Neutrino and the New Comedy of Errors
The fascinating world of physics never failed to captivate inquisitive minds with its wonders but seldom aroused a debate so strong that finally lead to public declaration made by a scientist to eat his underwear.
The Opera collaboration had conducted an experiment under highly controlled situation in September 2011 at the Cern laboratory and the findings took the world by storm. Einstein’s revolutionary special theory of relativity which says that nothing could beat the speed of light suddenly seemed vulnerable. The research confirmed that neutrino; a subatomic particle is capable of travelling faster than light posing challenge to certain fundamental understandings of classical Physics.
This was some news for scientists which did not fail to fuel great controversy and debate across the world among people from different walks of life. There was excitement all around with Tweets pouring in and every major Switzerland newspaper verbose with the awesome achievement of “the little neutral one” that finally gave light particles some tough competition.
This seemed too much for Jim Al-Khalili, a British professor of theoretical physics, who denied the results vehemently and said that if the results are proved to be correct he’d eat his boxer shorts live on TV. This remark caused some fresh uproar and when probed further by journalists, the professor opined that it’s quite impossible to refute Einstein’s postulate of nothing being faster than light.
The experiment was conducted again in the month of November and strikingly it yielded similar result.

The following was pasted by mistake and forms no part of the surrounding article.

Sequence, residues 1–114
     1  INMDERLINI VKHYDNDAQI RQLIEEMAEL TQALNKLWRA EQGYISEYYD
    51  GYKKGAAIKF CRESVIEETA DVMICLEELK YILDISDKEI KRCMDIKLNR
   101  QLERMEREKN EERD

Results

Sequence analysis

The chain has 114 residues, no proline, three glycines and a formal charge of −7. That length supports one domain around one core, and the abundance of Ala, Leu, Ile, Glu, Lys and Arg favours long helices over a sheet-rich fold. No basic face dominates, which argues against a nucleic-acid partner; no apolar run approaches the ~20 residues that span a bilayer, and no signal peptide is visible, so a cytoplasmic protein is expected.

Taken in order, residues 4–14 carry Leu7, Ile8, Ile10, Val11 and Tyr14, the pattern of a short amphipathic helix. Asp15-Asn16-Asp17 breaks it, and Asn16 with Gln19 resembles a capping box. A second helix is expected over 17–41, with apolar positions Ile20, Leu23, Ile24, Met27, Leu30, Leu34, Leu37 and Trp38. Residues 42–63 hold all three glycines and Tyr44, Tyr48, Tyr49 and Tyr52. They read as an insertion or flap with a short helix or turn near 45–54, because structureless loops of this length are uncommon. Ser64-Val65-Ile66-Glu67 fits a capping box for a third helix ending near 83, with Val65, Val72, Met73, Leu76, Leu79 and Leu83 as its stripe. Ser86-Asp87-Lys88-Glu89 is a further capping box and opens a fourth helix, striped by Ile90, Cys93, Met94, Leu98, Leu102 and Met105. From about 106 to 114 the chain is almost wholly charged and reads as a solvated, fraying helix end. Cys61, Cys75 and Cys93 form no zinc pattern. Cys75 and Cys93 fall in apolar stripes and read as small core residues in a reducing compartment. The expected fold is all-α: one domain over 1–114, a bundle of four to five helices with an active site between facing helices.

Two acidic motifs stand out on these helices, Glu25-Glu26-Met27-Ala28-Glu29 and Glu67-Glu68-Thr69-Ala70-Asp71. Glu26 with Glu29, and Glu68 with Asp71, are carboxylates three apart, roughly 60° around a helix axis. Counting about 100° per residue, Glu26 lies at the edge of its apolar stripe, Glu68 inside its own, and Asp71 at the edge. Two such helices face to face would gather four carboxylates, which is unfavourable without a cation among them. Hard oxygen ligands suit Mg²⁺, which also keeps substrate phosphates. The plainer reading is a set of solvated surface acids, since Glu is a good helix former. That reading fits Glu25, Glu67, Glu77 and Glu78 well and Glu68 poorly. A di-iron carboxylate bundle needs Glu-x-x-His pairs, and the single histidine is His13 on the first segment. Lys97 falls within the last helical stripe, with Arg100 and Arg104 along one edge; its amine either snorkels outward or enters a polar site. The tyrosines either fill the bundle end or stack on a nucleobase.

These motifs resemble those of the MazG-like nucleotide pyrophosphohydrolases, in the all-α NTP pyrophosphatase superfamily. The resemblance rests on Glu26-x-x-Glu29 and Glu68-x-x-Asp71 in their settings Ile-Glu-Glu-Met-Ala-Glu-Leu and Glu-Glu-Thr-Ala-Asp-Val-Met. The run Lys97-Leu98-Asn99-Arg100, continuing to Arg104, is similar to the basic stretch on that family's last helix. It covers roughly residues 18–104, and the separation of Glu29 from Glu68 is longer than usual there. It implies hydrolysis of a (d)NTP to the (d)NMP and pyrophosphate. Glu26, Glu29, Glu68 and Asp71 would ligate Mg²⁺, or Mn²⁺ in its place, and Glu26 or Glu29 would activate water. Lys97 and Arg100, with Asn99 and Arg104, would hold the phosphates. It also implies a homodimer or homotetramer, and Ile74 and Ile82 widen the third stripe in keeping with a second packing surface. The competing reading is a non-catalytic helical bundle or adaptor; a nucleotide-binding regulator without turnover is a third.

The New Year however came with a new twist and on February 2012 the earlier experiments were confirmed to be inconclusive due to faulty wiring of optical fibers. Though apparently this seems embarrassing, there are so many minute intricacies involved in these highly sophisticated experiments that chances of human or technical errors could not be ruled out in totality.
The streams of particles were sent through 730Kms of rock from Cern in Switzerland to an underground laboratory in Italy. Array of sophisticated computers, global positioning systems and particle accelerators facilitated the experiments and the entire setting had to be fine tuned painstakingly for more than three years. Despite all the caution and care there was fault in the cable between the GPS devise and the main clock that timed the neutrinos resulting in erroneous reading.
Opera scientists are looking forward to rectify their paraphernalia and organize fresh series of experiments. However until then Einstein’s mundane world remains well fortified and so does Al Khalili’s underwear.